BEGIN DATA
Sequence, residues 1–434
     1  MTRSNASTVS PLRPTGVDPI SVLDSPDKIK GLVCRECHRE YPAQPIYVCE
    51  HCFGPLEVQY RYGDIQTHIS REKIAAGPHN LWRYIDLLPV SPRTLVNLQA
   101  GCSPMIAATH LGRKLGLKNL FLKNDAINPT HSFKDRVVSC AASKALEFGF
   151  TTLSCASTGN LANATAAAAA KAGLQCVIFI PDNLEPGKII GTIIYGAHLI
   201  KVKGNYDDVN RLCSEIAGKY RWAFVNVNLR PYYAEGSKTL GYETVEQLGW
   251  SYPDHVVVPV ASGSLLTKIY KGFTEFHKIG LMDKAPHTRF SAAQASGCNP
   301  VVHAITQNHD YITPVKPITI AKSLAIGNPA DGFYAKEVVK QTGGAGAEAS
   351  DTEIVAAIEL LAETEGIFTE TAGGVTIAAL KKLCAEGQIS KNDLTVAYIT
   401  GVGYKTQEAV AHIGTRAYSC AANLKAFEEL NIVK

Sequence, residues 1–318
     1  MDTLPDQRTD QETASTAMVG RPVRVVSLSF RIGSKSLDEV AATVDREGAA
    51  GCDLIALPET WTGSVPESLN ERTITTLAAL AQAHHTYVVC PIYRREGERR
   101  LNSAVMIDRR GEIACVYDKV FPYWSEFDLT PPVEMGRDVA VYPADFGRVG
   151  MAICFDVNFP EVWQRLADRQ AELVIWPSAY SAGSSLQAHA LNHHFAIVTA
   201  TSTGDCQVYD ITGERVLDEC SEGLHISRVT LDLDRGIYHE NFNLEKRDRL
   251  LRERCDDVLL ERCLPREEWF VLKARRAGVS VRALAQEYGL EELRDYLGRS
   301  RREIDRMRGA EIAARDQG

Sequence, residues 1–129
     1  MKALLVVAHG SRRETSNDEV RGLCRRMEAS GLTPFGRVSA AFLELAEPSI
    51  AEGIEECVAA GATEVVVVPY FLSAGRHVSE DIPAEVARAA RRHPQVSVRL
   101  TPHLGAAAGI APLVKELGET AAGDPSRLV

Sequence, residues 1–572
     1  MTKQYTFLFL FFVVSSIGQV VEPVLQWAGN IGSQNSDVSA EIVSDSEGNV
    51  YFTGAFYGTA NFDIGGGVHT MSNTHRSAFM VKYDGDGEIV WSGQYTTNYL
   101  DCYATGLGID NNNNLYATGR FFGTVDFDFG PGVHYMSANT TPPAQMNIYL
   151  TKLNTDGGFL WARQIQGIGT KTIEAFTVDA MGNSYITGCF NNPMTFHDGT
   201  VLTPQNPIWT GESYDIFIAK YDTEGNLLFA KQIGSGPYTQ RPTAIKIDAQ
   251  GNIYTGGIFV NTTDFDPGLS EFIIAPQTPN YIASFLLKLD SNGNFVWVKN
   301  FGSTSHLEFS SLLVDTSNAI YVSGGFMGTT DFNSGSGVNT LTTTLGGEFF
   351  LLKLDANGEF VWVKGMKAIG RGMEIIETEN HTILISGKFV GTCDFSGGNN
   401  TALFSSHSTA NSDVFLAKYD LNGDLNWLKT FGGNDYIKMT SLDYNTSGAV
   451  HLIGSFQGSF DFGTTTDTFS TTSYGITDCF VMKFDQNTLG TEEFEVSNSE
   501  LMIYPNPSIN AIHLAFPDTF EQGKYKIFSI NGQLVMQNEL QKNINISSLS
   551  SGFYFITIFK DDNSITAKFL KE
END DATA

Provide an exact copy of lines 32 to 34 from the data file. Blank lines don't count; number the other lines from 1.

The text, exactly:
   401  TALFSSHSTA NSDVFLAKYD LNGDLNWLKT FGGNDYIKMT SLDYNTSGAV
   451  HLIGSFQGSF DFGTTTDTFS TTSYGITDCF VMKFDQNTLG TEEFEVSNSE
   501  LMIYPNPSIN AIHLAFPDTF EQGKYKIFSI NGQLVMQNEL QKNINISSLS